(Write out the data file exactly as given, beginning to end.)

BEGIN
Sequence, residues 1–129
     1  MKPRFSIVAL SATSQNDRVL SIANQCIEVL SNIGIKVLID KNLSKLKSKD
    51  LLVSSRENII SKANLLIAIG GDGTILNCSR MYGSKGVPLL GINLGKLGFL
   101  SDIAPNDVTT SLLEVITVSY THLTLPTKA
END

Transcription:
Sequence, residues 1–129
     1  MKPRFSIVAL SATSQNDRVL SIANQCIEVL SNIGIKVLID KNLSKLKSKD
    51  LLVSSRENII SKANLLIAIG GDGTILNCSR MYGSKGVPLL GINLGKLGFL
   101  SDIAPNDVTT SLLEVITVSY THLTLPTKA